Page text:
Sunday, 8 March 2009


International response: surprising, gratifying 
and worried

News of the redundancy of the post of Librarian at the National Library for Conductive Education has met with a perhaps surprising but certainly gratifying response, made very publicly on the Internet. A previous report on Conductive World has summarised the beginnings of this:

The present article updates this and attempts a first evaluation of the public response so far.

Discussions and comments on the Internet

The following sites have made reference to this, in some cases resulting in discussion threads:
The general tenor is that what has happened is a bad thing for Conductive Education, indeed a severe blow for the conductive movement worldwide, along with the strongly expressed hope that something should be done to remedy the situation.

The tone of these contributions is sober and positive (most unlike some rancorous discussion that marked some earlier public public discussions in Conductive Education). The dilemma is clear: the economic realities of our world are recognised but so too is the incalculable value of knowledge, a position that has not before enjoyed such widespread and powerfully expressed public attention in Conductive Education.

A petition

Rony Schenker (Tsad Kadma) has launched an Internet petition:
Following the decision of the Foundation for Conductive Education to make redundant the post of Librarian at the National Library of Conductive Education, we the undersigned respectively and most urgently request that the Foundation for Conductive Education take all necessary steps to ensure that the functions and services of the National Library of Conductive Education should continue and develop, to the benefit of the whole international conductive community.
This Petition can be found at:

The number of signatories has already passed a hundred (though some people have had a problem signing their names, in some cases resulting in their signing up twice).

This number continues to rise and may continue to do so as notification spreads through new data bases. One knows of this through requests to sign from collective sources such as the International Cerebral Palsy Society and the European Conductors Association. It has also been announced on English and Hungarian Facebooks.

The roll call includes many familiar names, plus many who are new to coming forward publicly in this cause. There is broad representation from around the world, including users of Conductive Education, parents/carers, conductors and people with other involvements in the field.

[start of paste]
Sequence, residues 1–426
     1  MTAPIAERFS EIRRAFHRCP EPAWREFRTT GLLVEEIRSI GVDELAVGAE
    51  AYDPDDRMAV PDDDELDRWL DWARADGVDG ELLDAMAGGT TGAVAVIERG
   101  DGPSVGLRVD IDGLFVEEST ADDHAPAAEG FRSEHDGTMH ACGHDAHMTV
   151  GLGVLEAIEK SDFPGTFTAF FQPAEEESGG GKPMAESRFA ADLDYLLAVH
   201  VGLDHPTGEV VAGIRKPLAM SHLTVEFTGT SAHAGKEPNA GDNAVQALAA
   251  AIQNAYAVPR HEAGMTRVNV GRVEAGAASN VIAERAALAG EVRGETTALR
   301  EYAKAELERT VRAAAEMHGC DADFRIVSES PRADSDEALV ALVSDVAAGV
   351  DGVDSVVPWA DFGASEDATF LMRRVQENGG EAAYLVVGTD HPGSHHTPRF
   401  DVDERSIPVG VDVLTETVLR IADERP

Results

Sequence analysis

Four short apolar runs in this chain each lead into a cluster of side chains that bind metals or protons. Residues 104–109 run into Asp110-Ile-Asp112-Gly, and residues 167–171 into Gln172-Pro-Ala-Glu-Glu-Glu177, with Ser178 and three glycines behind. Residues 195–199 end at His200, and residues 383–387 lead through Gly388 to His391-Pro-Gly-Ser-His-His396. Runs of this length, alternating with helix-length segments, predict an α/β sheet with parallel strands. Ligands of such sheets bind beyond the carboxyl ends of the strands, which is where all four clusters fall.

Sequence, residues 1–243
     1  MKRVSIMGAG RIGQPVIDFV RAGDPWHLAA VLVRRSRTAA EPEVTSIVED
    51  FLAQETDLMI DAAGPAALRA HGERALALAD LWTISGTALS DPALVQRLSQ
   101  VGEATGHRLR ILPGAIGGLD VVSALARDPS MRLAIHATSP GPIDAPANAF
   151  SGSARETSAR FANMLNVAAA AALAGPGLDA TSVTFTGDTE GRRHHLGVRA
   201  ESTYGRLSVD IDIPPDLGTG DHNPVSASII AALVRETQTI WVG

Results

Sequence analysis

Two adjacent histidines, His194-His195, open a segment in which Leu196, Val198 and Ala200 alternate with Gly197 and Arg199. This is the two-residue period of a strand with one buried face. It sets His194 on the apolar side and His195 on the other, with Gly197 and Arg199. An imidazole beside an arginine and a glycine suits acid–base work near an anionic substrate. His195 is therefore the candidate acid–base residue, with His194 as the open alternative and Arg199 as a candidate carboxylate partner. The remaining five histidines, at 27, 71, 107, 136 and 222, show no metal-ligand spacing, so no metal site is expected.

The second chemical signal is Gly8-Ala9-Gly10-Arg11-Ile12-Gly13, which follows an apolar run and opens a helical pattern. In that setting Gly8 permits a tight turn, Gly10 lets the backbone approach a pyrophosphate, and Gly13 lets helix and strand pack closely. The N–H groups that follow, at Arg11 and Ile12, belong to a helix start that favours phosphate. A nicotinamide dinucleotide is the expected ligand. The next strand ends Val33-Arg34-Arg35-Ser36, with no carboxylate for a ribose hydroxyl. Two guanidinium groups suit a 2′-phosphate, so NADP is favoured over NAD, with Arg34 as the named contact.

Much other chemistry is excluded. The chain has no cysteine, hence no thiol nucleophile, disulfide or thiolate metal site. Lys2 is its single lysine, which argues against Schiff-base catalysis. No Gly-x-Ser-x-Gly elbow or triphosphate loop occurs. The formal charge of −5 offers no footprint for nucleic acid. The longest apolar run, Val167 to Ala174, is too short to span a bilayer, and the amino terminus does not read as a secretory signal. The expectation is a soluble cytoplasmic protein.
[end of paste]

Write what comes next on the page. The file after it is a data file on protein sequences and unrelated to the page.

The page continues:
The Petition form permits signatories to add a comment should they wish. By no means all have chosen to do so, while others have not been able to do so (indicated by the grey box after their names). One of these, determined to have her say, forwarded the Comment that she had wanted to make to one of the CE blogs for publication there).

Over a quarter of signatories have included brief statements. These convey a general message that strongly reinforces what may be read on threads on the CE blogosphere.

There is no need to anthologise these comments here. They can be easily retrieved at:

Of necessity the movement to establish Conductive Education around the world has had to focus strongly upon everyday and pressing practicalities. The nature and magnitude of the online response to what is happening to a Library may come as a surprise. So too may the underlying message that people recognise (revere even) the role and the worth of communicable knowledge in our field, the strength that it lends and the vulnerability that stems from its absence.

There has been some discussion around possibilities for the practice of Conductive Education to be ‘evidence-based’. The responses to the problem of maintaining the National Library of Conductive Education is gratifying in demonstrating that there is indeed recognition of a perhaps more fundamental issue, that Conductive Education needs to be more explicitly ‘knowledge-led’ in its development than has seemd to be the case.

This issue arises at a critical point in the story of Conductive Education, a situation that is also recognised with concern amongst the public responses.

A surprising and gratifying response, yes, but. also a worried one, worried for the future of Conductive Education

Gill Maguire

Personal concerns for Gill Maguire who, as Librarian at the National Library for some eighteen years, is a widely known figure in the internationalisation of Conductive Education has been much to the forefront of many people’s minds. They may be pleased to learn that her commitment to Conductive Education has not slackened, and connect with her through her blog at:

The wider policy issue, however, is starting to separate out from the personal matter and should henceforth be considered in its own right.

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